One vision for a newly “disciplined” medieval art history that emerged from the conference is characterized by a renewed emphasis on “close looking;” that is, on the intensive, ideally first-hand, visual and tactile engagement with individual works of art. This was most obvious in Herbert Kessler’s keynote address “Medieval Modern: Art in Time,” which featured his up-close investigation of the well-known reliquary box from the Sancta Sanctorum. It also appeared in Jennifer and Karen’s presentation on the physician’s almanac, during which reproductions of this complexly folded compendium of medical materials were passed around the audience to allow us to understand its structure by manipulating it; in Ludovico Greymonat’s presentation “From Pages to Walls: Designing a Painted Space in 13th-Century Salzburg,” which likewise featured a reproduction of a preparatory drawing for a series of wall paintings that was passed through the audience for our close investigation; in Sarah Guérin’s paper “Facing Facture and Pygmalion’s Dilemma,” which considered how Parisian ivory carvers worked with the specific qualities of ivory as a medium (no ivories were passed around); and in other contributions.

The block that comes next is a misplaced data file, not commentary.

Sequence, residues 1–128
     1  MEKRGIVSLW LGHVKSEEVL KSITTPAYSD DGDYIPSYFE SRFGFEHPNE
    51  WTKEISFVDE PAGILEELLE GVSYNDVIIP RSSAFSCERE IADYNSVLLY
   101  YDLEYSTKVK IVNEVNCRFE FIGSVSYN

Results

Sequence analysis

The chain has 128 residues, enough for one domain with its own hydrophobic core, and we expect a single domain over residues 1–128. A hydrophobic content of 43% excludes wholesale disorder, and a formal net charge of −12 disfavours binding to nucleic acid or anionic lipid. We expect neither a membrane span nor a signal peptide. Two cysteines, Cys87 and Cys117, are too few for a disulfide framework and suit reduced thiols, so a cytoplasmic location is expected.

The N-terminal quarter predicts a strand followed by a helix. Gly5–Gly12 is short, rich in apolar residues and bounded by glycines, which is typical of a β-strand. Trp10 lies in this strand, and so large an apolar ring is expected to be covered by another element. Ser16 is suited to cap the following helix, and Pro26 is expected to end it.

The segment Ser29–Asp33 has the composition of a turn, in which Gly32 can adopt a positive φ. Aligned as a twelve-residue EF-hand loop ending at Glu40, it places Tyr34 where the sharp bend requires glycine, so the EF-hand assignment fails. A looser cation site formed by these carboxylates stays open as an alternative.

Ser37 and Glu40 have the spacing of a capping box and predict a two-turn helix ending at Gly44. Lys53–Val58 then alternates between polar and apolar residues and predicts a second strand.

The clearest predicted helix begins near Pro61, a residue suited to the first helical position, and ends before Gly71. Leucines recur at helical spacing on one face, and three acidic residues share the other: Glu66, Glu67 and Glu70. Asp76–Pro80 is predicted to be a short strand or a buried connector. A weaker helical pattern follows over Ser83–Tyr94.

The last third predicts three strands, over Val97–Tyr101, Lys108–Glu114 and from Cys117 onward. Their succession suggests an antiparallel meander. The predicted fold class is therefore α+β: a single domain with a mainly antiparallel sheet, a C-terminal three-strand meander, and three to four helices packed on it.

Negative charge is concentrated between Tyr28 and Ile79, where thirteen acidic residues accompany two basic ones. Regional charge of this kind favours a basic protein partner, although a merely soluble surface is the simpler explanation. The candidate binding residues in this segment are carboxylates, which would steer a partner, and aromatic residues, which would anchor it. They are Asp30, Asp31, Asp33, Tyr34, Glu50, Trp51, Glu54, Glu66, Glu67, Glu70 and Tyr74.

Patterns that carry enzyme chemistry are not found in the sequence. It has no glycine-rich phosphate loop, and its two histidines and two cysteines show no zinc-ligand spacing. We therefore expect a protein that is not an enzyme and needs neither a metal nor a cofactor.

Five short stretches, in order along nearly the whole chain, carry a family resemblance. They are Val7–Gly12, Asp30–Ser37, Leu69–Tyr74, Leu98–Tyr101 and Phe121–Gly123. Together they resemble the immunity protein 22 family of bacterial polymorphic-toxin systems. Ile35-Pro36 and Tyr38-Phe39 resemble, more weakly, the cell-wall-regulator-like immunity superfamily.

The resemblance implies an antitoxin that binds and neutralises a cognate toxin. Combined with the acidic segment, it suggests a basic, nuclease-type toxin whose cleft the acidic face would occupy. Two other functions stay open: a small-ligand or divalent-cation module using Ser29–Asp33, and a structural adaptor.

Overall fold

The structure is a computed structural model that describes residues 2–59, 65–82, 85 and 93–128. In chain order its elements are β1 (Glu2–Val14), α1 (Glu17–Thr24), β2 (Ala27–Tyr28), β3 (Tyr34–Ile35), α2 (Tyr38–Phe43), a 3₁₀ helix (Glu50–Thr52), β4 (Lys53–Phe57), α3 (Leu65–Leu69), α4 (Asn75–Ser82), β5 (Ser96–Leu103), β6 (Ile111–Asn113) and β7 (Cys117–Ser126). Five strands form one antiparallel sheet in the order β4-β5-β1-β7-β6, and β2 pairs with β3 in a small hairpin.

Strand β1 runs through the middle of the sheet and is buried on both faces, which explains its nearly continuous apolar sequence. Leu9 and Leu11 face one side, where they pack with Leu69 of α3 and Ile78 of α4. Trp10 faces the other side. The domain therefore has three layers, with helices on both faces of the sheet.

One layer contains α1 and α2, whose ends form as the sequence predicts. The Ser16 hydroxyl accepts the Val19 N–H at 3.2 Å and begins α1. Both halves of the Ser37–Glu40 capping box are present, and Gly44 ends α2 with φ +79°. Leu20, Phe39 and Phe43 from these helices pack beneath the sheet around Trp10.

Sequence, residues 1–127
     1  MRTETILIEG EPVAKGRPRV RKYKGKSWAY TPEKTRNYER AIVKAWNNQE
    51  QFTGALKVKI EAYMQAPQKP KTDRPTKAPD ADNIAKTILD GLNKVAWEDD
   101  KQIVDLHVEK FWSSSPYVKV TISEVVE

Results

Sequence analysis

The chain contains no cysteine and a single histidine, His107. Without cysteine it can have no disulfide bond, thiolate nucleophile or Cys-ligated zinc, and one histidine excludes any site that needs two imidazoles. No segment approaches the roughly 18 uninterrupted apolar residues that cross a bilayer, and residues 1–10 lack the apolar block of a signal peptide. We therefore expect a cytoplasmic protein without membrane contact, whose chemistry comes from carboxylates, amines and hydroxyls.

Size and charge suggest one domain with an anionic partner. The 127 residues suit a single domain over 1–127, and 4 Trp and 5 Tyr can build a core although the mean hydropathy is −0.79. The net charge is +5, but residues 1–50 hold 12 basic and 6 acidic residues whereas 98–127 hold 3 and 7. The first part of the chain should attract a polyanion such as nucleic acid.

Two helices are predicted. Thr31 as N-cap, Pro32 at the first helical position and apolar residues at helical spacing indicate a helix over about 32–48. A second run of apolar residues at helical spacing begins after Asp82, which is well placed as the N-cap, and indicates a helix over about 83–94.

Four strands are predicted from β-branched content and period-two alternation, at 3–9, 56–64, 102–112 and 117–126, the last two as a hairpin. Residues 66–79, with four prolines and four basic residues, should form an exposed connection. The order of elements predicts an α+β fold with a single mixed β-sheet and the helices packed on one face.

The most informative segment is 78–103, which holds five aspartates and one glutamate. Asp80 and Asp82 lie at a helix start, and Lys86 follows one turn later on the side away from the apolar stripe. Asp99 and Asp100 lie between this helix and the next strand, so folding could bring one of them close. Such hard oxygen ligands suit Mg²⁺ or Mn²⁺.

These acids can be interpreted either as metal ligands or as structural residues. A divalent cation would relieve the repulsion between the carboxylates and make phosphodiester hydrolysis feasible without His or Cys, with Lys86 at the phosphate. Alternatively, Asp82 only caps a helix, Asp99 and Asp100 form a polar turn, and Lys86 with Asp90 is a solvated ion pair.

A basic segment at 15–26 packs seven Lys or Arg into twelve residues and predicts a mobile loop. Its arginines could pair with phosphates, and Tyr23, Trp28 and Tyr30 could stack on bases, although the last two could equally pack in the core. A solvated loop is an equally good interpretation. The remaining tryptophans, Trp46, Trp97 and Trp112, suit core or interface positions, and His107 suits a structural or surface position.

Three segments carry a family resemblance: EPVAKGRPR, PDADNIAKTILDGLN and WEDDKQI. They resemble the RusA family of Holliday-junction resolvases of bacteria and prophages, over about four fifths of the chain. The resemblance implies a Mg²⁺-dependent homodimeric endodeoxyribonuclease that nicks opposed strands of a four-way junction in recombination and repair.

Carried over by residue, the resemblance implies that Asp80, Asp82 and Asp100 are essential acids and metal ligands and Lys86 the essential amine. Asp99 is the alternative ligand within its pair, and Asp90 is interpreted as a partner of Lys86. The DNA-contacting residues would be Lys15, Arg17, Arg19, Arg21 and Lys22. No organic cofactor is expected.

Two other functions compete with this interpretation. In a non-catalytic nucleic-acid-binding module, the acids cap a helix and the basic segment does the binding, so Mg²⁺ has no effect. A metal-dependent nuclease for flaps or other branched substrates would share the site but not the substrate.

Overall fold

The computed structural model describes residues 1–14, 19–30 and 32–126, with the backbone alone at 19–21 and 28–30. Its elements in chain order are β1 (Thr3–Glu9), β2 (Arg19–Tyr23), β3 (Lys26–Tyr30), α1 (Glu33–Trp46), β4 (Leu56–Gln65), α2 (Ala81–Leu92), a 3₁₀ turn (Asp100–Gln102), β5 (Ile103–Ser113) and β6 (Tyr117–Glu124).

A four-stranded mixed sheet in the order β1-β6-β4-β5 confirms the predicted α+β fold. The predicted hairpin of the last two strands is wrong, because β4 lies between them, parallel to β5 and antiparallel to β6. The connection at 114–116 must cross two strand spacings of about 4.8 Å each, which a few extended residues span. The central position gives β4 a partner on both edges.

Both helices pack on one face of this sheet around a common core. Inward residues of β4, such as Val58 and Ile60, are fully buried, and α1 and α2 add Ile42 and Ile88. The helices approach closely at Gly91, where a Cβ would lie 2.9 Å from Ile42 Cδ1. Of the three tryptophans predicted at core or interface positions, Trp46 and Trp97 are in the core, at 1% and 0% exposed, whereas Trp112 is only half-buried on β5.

While these individual acts of close-looking were compelling, concerns about close-looking as a model for art-historical inquiry were expressed in discussion on both days of the conference. First, voiced by Jeffrey Hamburger in particular, came a concern that this type of intensive engagement with the work of art can close out engagement with the social and the political–with the workings of power in the Middle Ages. In coming so close to our objects we may be in danger of losing our critical distance from our period of study. This is not necessarily the case: Jennifer and Karen’s presentation, for example, identified the complex workings of the almanac as constructing the physician’s authority in relationship to his patient. Close engagement with a singular object could and maybe should eventually lead one to considering larger social and political questions. However, in practice this would likely strain the limits of time in a 20-minute conference talk, of space in a journal article, of an audience’s attention to either, and of a scholar’s interest and expertise. Is someone trained in doing this kind of intensive investigation also going to be expert in those larger issues and concerns? Is someone who is so close to the art objects and thus subject to their aesthetic appeal also going to be interested in engaging with the “ugly” aspects of the medieval past?